In April, Shell and Equinor cut their dividends by two thirds. In early August, BP cut its dividend in half. Even with the cuts, Shell still yields a respectable 4.1%, BP yields 5.5%, and Equinor yields 2.2%. Meanwhile, ExxonMobil (NYSE:XOM) and Chevron (NYSE:CVX) haven’t cut their payouts, and yield 8.2% and 5.7%, respectively.

Shell, BP, and Equinor also have some of the weakest balance sheets of the oil majors, and sport higher debt to capital ratios and debt to equity ratios compared to their American counterparts.

And although shares of Equinor are down the least of all the oil majors, BP and Shell are both down over 40% year-to-date (YTD), the worst of the cohort. 

A long road ahead

Exxon’s long-term dedication to oil and gas and Chevron’s current status as arguably the best oil stock make it unlikely either company will be a strong renewable force in the coming decades. However, the impacts of the COVID-19 pandemic seem to have accelerated the energy transition for Shell, BP, and Equinor. All three businesses are struggling, and are likely exhausted by the volatility and low prices of oil and gas right now.

Shell remains a natural gas powerhouse, and it was just last year when the company had the best free cash flow of all the oil majors. Therefore, Shell probably won’t undergo a full-on transformation. However, BP and Equinor seem determined to transform into renewable energy stocks. Crippled by a weak balance sheet, the only thing surprising about BP’s dividend cut and renewable push is that they didn’t happen sooner. As for Equinor, the company’s expertise in offshore exploration and production, government interest, depleting offshore oil and gas assets, shallow coastline, and first-mover advantage into one of the highest growing subcategories of renewable energy make it ideally positioned to dominate offshore wind.

[…]

The Motley Fool

This is worth repeating:

However, the impacts of the COVID-19 pandemic seem to have accelerated the energy transition for Shell, BP, and Equinor. All three businesses are struggling, and are likely exhausted by the volatility and low prices of oil and gas right now.

Worth repeating

Mr. Foelber also provided a couple of really good charts:

Figure 1. Debt to capital and debt to equity for failed European oil companies and American oil companies. The Motley Fool

The European oil majors are financially hurting, are being strangled by their own governments and expecting the strangulation to worsen unless they stop being oil companies. If BP, Shell and Equinor truly don’t want to remain oil companies, I have two words for them…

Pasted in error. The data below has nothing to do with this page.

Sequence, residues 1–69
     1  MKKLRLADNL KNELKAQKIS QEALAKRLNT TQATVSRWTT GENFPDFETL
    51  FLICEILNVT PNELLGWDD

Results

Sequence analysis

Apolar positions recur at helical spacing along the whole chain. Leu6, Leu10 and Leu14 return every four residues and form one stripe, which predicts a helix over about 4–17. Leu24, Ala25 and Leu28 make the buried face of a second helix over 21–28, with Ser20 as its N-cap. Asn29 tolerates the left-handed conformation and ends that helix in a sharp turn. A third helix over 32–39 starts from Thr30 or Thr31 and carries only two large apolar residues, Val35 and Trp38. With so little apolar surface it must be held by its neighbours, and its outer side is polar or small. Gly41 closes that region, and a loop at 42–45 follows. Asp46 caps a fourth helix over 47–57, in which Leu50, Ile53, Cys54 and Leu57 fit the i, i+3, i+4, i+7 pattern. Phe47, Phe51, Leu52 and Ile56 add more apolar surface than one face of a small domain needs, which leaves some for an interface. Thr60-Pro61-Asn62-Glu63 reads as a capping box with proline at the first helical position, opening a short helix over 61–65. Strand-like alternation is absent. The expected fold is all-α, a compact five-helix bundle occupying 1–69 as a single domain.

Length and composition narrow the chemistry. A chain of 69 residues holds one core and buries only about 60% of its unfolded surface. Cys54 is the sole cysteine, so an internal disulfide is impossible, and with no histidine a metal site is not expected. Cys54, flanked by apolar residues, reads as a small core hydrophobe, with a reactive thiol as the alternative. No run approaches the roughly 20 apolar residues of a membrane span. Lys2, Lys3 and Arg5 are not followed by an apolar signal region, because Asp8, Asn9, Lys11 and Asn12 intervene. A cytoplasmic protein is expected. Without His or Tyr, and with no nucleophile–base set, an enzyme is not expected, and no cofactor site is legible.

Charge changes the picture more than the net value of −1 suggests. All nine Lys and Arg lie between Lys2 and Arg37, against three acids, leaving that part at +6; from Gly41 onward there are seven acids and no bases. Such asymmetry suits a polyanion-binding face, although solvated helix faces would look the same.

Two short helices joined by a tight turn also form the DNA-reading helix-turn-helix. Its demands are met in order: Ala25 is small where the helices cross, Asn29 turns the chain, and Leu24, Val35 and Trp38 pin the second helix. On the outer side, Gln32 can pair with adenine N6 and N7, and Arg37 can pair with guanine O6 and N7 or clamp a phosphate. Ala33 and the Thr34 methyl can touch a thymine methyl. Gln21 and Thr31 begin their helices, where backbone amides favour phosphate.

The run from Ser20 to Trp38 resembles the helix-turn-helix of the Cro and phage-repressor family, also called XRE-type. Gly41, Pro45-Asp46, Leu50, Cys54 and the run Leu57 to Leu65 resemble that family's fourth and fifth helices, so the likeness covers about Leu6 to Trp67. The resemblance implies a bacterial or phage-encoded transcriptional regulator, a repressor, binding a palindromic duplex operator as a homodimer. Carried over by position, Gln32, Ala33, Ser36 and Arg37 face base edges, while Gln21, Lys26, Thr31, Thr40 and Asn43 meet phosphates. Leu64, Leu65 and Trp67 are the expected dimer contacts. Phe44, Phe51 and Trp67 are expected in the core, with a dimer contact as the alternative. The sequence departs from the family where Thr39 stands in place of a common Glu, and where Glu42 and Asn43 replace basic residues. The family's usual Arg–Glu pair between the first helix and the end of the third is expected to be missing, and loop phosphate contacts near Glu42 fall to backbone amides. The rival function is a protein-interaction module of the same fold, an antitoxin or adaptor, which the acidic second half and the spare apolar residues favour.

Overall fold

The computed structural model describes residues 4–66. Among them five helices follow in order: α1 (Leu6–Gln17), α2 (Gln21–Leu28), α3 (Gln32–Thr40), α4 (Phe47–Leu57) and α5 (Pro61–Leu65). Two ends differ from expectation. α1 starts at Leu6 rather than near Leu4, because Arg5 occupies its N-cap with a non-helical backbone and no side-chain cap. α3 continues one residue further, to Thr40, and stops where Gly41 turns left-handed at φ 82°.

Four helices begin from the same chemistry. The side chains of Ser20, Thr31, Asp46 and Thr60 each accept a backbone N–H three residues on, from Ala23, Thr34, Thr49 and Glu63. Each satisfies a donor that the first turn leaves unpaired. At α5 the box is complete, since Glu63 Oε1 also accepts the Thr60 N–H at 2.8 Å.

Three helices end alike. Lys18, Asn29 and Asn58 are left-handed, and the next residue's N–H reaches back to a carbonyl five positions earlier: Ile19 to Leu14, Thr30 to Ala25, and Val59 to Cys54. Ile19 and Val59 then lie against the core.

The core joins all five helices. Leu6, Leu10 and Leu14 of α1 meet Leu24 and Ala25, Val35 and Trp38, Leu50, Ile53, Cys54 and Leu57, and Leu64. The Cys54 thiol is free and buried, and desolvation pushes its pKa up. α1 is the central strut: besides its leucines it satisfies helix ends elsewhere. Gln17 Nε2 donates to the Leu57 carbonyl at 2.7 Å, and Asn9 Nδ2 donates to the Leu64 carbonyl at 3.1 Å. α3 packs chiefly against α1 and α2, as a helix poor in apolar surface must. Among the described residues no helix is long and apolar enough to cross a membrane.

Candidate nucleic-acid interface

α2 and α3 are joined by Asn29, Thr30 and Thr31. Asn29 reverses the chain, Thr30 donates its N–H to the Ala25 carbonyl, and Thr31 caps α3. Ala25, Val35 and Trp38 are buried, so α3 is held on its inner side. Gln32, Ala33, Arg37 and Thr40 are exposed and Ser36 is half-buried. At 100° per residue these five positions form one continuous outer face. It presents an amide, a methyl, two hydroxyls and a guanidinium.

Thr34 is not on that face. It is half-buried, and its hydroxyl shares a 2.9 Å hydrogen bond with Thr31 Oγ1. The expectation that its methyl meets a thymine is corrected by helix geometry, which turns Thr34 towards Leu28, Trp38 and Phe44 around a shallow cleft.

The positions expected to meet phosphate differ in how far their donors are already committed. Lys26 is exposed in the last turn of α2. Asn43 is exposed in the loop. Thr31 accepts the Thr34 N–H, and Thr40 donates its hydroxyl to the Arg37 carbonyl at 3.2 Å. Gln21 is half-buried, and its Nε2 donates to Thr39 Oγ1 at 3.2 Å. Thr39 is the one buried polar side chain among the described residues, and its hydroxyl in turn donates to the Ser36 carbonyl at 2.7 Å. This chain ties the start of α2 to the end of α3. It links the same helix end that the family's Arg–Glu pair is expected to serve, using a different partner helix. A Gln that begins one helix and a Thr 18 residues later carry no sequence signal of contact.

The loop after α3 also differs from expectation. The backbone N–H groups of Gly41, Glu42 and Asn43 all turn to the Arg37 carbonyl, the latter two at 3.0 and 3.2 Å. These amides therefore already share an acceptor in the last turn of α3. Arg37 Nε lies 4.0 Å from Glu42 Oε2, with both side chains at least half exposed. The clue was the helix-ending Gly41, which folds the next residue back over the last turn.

And Equinor really ceased to be an oil company a long time ago…

“The energy transition is well under way”

Horst schist!

In 2019, the world consumed more fossil fuel energy (492.3 exajoules) than the total primary energy it consumed as recently as 2009 (480.6 exajoules). There is no energy transition “underway”…

Figure 2. It’s a fossil fueled world. BP Statistical Review of World Energy

For that matter, there has never been an “energy transition.” We currently consume more biomass for energy than we did before we started burning coal.

Figure 3. No energy transitions for you! “There Has Never Been An Energy Transition

The second quarter of 2019 was a global economic catastrophe. It was caused by a Chinese Communist virus and governmental overreaction to that virus. It resulted in a sharp drop in energy consumption, comparable to a deep recession. It did not herald in a new era of people willingly staying home and freezing in the dark.

ChiCom-19 COVID-19 forced many of us to work from home for most, if not all, of the past six months. No one in the real world views this as the “new normal”… It’s more like a prolonged hurricane evacuation.

Returning to the real normal

Commuting Patterns During COVID-19 Endure; Minorities Less Likely to Work from Home

Alexander Bick, Adam Blandin and Karel Mertens September 01, 2020

COVID-19 forced many businesses to scale back or cease operations in their regular workplaces because of government-mandated closures, concern for employee health or lack of customers.